The Israeli occupation of Palestine has become so routine—a checkpoint here, a denial of access to farmland there, and a razing of homes and lives everywhere—that we forget its extraordinariness. But, as the author details below, for those who live the brutality of occupation it’s a jarring existence full of perils and unknowns. It’s also a state of chronic fear in which you ask yourself, “will this be the day I’m detained indefinitely without access to a lawyer, I’m brutally attacked by settlers for being on my land, or I lose a family member to illness because they didn’t get permission to leave Gaza or the West Bank?”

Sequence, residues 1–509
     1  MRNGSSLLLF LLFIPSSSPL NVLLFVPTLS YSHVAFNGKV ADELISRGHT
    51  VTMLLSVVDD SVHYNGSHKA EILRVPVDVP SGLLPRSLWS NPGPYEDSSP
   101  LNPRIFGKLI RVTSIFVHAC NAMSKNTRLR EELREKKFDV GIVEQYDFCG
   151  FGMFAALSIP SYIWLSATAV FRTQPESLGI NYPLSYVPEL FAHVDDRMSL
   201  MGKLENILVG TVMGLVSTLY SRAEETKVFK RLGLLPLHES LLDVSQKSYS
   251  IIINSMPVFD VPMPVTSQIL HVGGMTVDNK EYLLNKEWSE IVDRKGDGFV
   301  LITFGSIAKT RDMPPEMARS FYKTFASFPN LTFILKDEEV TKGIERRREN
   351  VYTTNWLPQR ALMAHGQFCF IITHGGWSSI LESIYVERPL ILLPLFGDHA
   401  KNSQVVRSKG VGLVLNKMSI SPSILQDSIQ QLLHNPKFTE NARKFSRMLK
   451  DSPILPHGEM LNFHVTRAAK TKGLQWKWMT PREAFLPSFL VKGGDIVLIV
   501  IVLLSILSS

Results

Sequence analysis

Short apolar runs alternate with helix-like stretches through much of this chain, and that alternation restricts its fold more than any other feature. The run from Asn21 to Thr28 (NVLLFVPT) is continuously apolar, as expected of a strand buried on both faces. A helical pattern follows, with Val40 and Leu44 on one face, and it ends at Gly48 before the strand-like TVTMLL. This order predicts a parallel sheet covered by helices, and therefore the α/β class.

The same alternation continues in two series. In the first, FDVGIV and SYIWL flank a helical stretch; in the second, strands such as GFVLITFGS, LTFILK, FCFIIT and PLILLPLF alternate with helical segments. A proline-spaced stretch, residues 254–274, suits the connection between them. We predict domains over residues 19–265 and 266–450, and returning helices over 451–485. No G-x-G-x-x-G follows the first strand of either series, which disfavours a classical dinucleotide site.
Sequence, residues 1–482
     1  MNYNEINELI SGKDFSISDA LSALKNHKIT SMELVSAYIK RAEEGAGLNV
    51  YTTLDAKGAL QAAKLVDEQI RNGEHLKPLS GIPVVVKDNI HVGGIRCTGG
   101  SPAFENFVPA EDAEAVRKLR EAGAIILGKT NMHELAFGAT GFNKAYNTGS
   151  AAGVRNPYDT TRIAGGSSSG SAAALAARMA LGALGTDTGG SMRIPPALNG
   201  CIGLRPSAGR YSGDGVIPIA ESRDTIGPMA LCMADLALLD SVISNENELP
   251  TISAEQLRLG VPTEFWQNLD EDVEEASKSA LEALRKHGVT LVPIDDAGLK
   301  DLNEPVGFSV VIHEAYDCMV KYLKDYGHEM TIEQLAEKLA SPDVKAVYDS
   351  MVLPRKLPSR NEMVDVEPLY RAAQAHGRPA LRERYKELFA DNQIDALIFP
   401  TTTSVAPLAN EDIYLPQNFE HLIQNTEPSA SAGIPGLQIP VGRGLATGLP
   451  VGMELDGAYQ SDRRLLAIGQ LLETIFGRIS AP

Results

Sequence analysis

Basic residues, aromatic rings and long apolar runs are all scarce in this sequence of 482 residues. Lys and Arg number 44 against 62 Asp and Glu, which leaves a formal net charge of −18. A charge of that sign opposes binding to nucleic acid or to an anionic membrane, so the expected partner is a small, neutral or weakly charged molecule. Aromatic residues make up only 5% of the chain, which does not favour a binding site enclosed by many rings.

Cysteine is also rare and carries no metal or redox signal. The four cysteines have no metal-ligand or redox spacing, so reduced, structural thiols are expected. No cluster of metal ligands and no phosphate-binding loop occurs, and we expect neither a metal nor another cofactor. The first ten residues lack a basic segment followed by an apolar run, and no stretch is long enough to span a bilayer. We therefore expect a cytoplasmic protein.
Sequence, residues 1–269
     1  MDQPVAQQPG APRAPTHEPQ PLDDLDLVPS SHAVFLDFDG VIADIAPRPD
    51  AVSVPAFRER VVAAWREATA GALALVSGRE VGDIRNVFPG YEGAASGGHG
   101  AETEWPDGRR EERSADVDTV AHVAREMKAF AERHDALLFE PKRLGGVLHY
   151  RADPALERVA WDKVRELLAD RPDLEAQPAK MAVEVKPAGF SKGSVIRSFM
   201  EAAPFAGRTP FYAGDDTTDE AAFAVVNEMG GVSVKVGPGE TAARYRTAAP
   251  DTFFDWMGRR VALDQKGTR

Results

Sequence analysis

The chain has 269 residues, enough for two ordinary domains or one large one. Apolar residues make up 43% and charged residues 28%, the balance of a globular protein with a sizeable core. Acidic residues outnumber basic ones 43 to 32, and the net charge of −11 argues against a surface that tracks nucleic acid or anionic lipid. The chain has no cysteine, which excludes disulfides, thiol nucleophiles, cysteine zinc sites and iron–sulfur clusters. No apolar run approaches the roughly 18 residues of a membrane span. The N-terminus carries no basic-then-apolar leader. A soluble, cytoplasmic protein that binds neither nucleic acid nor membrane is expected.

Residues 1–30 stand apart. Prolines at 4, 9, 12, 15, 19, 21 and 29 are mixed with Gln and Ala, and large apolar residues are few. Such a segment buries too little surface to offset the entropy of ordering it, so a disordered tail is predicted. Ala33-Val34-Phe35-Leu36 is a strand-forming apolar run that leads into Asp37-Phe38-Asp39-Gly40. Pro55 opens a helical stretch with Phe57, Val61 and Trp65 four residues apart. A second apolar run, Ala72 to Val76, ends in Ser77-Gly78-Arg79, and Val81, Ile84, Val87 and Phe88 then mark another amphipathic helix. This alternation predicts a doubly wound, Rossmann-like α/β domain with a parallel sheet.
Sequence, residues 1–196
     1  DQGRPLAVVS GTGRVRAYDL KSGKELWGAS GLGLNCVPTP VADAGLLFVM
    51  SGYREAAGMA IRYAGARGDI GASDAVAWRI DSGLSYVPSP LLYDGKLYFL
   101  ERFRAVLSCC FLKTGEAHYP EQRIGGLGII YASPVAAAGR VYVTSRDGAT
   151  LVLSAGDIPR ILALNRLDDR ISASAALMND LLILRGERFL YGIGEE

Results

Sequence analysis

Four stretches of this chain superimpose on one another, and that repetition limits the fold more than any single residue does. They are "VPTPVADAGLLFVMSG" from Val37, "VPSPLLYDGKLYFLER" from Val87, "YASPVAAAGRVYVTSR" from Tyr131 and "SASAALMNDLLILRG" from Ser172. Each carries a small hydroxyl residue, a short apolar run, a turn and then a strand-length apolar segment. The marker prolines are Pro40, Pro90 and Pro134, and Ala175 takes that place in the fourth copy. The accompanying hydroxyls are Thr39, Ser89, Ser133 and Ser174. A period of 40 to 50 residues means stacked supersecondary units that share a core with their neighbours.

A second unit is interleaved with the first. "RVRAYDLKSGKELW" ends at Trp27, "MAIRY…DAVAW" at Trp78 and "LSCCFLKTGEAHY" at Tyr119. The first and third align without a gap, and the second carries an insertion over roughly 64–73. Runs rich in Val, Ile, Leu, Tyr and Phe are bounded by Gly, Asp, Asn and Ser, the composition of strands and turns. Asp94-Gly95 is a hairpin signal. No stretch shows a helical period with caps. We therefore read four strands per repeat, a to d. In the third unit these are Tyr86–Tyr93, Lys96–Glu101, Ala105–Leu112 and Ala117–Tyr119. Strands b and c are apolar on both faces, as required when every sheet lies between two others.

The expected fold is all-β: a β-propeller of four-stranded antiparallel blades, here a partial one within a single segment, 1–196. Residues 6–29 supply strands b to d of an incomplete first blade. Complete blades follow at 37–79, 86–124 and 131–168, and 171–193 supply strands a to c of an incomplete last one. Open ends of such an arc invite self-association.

For those of us who stand in solidarity with Palestinian folk we must strive against treating the Occupation as anything but extraordinarily out of step with the 21st century. The Israeli occupation, like colonialism itself, should have been left in the annals of 20th century history.